As you grow older, time
seems to pass more quickly.
And aa you begin to think more
seriously, you have a better ap-
preciation of the fact that, gen-
erally speaking, you do not
make the best use of your time
as it trickles through the hour
glass of the present into spent
days.
So now—today—we are tak-
ing this opportunty to call
your attention to the fact that
you have a chance to use four
or five of the best months of the
year profitably—to use them in
such a way as to advance all of
your personal interests.
We refer to the fact that Ty-
ler Commercial College and
School of Business Administra-
tion, Tyler, Texas, has begun
SEE ME
Before Y ou Move
TRUCKS FOR ALL KINDS OF
v. HAULING, ANYWHERE,
ANYTIME.
S. J. EARLE
PHONE 155—54.
For School Superintendent:
E. S. ERWIN.
For Tax Assessor:
C.L. (Dixie) ARNWINE
For County Clerk:
CLAY BINGHAM.
For District Clerk:
A. M. (Ab) VINING
For County Treasurer:
BERNICE WILLIAMS.
Mrs. E. (Gene) Dupree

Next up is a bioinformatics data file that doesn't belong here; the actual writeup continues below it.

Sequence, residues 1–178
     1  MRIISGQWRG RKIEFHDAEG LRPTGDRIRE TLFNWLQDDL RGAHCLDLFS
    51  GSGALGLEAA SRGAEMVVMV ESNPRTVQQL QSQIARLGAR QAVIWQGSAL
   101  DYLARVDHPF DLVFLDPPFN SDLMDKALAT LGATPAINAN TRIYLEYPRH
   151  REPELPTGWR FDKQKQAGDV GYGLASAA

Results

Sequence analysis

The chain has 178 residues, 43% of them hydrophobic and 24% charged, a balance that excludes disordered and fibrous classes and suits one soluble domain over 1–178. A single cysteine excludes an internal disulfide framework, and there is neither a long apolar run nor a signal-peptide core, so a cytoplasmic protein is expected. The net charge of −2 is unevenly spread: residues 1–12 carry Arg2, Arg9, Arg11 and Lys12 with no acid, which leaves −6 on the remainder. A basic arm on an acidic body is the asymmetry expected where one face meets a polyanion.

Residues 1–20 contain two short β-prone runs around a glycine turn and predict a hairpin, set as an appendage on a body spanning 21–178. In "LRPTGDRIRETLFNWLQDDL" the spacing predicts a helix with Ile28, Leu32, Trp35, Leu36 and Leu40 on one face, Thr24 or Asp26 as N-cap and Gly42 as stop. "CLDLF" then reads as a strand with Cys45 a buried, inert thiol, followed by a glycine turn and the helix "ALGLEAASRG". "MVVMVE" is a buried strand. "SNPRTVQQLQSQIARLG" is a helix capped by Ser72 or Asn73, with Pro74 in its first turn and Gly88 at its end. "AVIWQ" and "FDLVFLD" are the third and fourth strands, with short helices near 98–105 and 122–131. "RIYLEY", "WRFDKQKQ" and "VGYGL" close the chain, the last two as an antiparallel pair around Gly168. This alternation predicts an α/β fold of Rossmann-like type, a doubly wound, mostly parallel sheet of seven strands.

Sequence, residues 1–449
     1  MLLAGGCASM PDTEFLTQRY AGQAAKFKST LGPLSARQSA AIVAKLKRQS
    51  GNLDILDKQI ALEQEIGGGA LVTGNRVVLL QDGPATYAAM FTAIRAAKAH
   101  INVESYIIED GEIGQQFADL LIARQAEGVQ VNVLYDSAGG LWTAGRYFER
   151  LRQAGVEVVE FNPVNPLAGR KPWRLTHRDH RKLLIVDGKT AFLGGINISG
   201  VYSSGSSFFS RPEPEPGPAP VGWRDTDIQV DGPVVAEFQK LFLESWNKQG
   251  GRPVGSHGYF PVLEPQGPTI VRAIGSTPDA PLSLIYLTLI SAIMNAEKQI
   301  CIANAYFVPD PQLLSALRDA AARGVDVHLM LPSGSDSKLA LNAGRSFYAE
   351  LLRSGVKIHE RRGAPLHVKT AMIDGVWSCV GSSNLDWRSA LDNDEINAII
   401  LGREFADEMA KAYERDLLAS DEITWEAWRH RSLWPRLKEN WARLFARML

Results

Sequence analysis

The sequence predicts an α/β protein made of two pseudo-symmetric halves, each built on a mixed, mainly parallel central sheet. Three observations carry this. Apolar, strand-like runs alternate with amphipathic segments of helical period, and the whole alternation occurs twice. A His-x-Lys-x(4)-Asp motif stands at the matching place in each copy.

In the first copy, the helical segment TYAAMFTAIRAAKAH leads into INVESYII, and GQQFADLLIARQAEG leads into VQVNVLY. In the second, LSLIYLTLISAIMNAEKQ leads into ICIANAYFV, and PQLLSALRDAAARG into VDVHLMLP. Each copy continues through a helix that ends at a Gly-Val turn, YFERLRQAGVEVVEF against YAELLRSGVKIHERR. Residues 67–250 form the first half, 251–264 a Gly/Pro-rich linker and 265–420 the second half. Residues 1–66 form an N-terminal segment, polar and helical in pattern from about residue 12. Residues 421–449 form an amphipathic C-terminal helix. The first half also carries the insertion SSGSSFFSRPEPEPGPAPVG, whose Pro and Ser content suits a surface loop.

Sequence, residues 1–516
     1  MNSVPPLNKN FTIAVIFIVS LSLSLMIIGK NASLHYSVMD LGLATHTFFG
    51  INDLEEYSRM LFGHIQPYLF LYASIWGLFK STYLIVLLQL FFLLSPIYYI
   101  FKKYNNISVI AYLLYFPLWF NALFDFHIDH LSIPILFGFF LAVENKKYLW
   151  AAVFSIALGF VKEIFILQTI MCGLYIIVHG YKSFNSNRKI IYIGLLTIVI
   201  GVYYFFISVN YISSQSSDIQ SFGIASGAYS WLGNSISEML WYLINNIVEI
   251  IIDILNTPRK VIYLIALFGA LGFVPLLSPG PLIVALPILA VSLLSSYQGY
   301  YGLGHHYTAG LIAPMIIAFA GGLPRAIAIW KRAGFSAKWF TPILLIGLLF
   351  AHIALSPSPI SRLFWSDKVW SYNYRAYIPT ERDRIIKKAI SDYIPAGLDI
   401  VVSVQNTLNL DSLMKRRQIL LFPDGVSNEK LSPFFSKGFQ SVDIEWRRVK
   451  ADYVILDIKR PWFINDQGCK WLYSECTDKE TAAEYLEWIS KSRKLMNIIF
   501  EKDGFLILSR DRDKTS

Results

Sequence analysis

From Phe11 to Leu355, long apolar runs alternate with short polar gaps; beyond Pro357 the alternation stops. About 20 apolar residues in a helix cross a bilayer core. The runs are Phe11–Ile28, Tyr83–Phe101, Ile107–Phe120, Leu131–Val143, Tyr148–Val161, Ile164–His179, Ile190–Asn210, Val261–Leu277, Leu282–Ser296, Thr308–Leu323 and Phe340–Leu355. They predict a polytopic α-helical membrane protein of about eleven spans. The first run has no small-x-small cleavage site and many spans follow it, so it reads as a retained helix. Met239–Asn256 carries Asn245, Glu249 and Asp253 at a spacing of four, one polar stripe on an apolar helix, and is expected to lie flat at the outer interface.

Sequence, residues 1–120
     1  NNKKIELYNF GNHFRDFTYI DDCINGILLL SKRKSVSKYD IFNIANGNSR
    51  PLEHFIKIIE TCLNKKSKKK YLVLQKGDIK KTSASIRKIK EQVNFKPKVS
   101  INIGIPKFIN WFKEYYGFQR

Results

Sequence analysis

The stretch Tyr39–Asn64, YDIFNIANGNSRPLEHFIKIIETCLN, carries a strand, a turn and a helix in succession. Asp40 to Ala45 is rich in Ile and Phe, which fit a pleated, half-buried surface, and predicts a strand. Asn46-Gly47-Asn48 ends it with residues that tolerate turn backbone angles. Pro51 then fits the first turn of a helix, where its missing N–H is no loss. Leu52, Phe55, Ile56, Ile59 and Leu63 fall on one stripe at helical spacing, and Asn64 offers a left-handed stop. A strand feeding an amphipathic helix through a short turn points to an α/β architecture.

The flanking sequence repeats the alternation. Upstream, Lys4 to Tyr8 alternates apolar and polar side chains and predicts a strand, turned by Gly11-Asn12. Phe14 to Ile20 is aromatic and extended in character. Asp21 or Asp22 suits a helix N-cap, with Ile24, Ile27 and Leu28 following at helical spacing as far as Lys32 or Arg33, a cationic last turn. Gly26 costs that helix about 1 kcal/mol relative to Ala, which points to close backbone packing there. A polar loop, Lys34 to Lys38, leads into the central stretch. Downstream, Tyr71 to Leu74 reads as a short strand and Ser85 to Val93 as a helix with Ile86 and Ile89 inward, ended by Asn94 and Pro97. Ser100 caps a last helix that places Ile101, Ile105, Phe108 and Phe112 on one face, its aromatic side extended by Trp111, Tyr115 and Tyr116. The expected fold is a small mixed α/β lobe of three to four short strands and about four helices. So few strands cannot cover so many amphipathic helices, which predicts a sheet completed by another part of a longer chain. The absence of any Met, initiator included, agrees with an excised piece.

For Tax Collector:
WATTERS SINGLETARY
For County Judge:
J. J. (Cap) BOLTON.
For County Commissioner:
T. E. SINGLETARY.
For Justice of Peace:
S. S. (Steve) RATCLIFF
For Cotton Weigher
WILMER ROZELLE.
GRADY SINGLETARY.
JOHN WALLACE
A Genuine Welcomt
Awaits Yoa at' This
We will be glad to see yoa
at any time—glad to talk
over business matters witfc
you—glad to open- aa ac-
count with you—gfarf fio
place our banking facili-
ties at your disposal—
really glad to b« of minum
to you in. every, possfbfe
way.
NOW OR ATANY TUK
YOU NEED US
ALTO STATE BANK
"The Friendly Bank"
m
WANTEDS
A Few More Good Customers:
We have a nice, large list of good eustomersr mitd
we appreciate every one of them~ They are "depend-
ents" in keeping a good grocery store going..
We Want More Like Them
If you are going to make a change, come in and ftv
us. We can guarantee you good Groceries at tk#
right price all during 1930.
WE APPRECIATE YOUR TRADED
T. E. BIRDSONG
Phone 220
WE DELfVBR

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Weimar, F. L. The Alto Herald (Alto, Tex.), Vol. 29, No. 40, Ed. 1 Thursday, January 30, 1930, newspaper, January 30, 1930; (https://texashistory.unt.edu/ark:/67531/metapth214535/m1/5/ocr/: accessed August 20, 2019), University of North Texas Libraries, The Portal to Texas History, https://texashistory.unt.edu; crediting Stella Hill Memorial Library.